Stephen Albert's TreeStone, for Soprano, Tenor and Chamber Orchestra
TreeStone is a song cycle based on Finnegans Wake, and shares musical material with Albert's Symphony RiverRun.
|Liner notes from the Delos CD
Liner notes written by Stephen C. Smith:
The music of Stephen Albert is a fascinatingly complex world of allusion, dramatic contrast and metaphor. Precise meaning may be elusive, but communication between artist and audience is achieved through the accumulation of sounds and images into a greater emotional whole.
This fascination with paradox and nuance of feeling characterizes much of Albert's work. It is not surprising, then, that the composer has often drawn from the evocative prose of James Joyce for inspiration, from the song cycle To Wake the Dead and the Pulitzer Prize-winning symphony RiverRun (both inspired by Finnegans Wake) and the aria Flower of the Mountain (on texts from Ulysses) to the present song cycle, TreeStone. In Concordiam, while a non-programmatic work, is no less evocative than its disc-mate, and both works are presented here in their first recordings.
TreeStone, completed in 1984, marked Stephen Albert's third setting of James Joyce. The composer considers the song cycle a vocal counterpart to his symphony RiverRun, with which it was composed simultaneously, and with which it shares its basic musical material. (In describing the relationship between the two works, Mr. Albert explains that they "are adaptations of each other.") Scored for flute/piccolo/alto flute, clarinet/bass clarinet, trumpet, horn, percussion, harp, piano and strings, TreeStone reinforces the free-flowing ideas of Finnegans Wake (mankind's fall, the cyclic nature of life, the conflict between life's tragic and comic elements) through subtly repeated motives, harmonic relationsips and coloristic ideas. Observes Mr. Albert:
The myth of Tristan is one of the more persistent yet elusive themes in Finnegans Wake. It hovers ghostlike throughout the novel, never wholly perceived but nearly always felt. The story of Tristan is communicated in coded fragments by different persons, challenging our reason and powers of intuition. Our associative memory is forced to the edge, deciphering and piecing together Joyce's abbreviated, irreverent and often deranged version of the tale.
I had already set portions of Finnegans Wake in an early song cycle (To Wake the Dead). After putting the book aside for a couple of years, I began skimming through it again during the fall of 1982 and was intrigued by the recurring allusions to the Tristan and Iseult legend. After a few days of jotting down isolated paragraphs, sentences and phrases that seemed associated with their story, a fairly coherent text emerged that centered Tristan and Iseult in a cluster of related themes and images. The resulting text was cast in seven movements, forming in themselves a musical whole.
The first song, "I am Leafy Speafing," is the voice of the River Liffey as it flows through Dublin at dawn. The movement opens with an instrumental prologue ("rain music") followed by the soprano's entrance as the "feminine" aspect of the river's voice. She reminds her sister and companion, Dublin, how much joy and grief they've shared as silent witnesses to mankind's history.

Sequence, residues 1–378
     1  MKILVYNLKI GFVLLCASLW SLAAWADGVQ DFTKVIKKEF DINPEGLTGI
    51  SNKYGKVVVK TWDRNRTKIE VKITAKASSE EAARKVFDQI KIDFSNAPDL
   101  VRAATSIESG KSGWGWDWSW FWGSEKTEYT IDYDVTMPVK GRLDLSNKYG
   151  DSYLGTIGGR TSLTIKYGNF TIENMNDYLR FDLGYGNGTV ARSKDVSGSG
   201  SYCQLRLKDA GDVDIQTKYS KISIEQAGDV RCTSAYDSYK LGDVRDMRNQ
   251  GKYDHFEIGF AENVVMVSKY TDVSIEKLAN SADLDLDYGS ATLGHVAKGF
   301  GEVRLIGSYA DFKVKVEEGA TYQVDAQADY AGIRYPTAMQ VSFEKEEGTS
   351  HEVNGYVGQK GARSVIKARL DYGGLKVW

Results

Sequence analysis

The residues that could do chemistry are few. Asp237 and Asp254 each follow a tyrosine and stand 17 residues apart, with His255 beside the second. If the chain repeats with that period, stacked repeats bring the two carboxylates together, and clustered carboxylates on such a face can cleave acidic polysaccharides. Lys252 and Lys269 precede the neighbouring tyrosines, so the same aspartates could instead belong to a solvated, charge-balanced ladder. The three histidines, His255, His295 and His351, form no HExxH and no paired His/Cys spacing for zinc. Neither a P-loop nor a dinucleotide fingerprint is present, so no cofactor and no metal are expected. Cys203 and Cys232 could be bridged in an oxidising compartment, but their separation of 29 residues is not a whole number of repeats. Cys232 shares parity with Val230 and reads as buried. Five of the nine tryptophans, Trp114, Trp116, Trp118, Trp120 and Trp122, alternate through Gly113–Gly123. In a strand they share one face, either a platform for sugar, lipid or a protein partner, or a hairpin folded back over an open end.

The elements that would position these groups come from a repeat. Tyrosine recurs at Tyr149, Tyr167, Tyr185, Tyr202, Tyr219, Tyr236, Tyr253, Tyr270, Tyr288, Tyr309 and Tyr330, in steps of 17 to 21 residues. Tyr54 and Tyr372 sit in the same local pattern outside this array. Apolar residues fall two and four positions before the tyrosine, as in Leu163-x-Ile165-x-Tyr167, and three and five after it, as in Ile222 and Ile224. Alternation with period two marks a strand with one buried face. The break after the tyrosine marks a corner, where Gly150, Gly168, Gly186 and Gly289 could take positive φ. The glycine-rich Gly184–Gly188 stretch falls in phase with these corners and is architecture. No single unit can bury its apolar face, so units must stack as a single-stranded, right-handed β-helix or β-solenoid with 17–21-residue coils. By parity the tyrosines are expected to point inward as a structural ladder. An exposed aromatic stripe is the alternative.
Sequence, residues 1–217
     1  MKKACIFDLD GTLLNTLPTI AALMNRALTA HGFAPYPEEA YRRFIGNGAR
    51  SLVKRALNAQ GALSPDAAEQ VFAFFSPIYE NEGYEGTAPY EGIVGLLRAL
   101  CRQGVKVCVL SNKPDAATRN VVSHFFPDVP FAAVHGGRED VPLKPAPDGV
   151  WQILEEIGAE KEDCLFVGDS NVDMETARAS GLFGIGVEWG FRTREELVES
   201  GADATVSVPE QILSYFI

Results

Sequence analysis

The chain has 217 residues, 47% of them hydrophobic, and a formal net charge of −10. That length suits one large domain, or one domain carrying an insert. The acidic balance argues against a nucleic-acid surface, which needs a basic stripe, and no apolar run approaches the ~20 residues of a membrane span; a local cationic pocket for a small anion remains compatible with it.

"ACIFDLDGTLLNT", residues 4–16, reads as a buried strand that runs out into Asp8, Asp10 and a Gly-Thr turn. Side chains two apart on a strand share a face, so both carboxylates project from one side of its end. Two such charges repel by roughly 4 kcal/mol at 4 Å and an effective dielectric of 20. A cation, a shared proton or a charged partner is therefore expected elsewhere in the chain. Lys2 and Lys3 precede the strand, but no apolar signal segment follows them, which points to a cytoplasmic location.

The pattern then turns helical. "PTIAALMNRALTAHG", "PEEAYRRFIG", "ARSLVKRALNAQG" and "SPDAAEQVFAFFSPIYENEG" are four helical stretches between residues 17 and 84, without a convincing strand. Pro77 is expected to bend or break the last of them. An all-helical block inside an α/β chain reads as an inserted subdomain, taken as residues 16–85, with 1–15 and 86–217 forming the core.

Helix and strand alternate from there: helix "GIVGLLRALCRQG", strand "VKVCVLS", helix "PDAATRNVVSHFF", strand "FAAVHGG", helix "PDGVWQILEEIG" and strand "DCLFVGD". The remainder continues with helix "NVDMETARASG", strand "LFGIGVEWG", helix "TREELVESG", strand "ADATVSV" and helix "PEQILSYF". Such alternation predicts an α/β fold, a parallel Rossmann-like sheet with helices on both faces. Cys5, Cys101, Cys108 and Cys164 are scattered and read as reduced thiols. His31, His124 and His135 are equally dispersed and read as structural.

The second song, "A Grand Funferall," comprises a dirge-like march, a children's music-box ditty and rowdy pub music commingled in a single movement. We are really at a wake -- Tristan and Iseult's funeral. It is not outwardly a particularly sad or solemn occasion, but there is a slightly demonic streak present -- an undercurrent of icy fear among the mourners. They try to dignify the event with a funeral march but cannot really escape their own private fears of parting and disconnection.
"Sea Birds," the third song, returns in time to a bird's-eye view of Tristan and Iseult's first kiss aboard ship, but it is also the instant of their first curse: "The birds of the sea they trolled out right bold when they smacked the big kuss of Tristan with Isolde. . ."
In "Tristopher Tristian" and "Fallen Griefs," the fourth and fifth songs, two washer-women banter about a family scandal concerning "cousins" in the remote part -- in fact, the "cousins" are Tristan, and English soldier and Iseult, an Irish Princess.
The text of the final song is a small portion of the most familiar section of Finnegans Wake and is entitled "Anna Livia Plurabelle." It is both the "masculine" aspect of the river's voice as well as the interior closing monologue of the older, more dominant washer-woman. Shee feels darkness coming over the river and, perhaps, over her own life as well. Tired of washing, tired of talking, tired of remembering, she ". . . could near to faint away. Into the deeps. I saw home slowly now by my own way, moy valley way. Thinking always if I go all goes."
Life along the river at dusk is becoming more and more intense and vivid, but her senses are fading. She glances across to the river's opposite bank and sees her younger companion turning to stone. Her own arms have been transfigured into the limbs of a tree as her body is taking root. She is surrounded by sounds in the night and of the river. Both women have become transformed into more enduring parts of nature, one a tree, the other stone, as the river flows between them. The river will always be a source of their own connection, but it will aslo divide them. The Liffey now makes its way past Dublin and rushes into the sea as the night falls.
To Wake The Dead -- (1978) This is a cycle of six songs and one instrumental interlude, with lyrics pulled from the text of Finnegans Wake.
Symphony RiverRun -- (1983) A symphony in four movements, its overall musical theme taking Finnegans Wake as its source of inspiration.
Distant Hills -- (1987-89) For tenor, soprano & orchestra. Based on texts from Ulysses, this two-piece suite contains Sun's Heat and Flower of the Mountain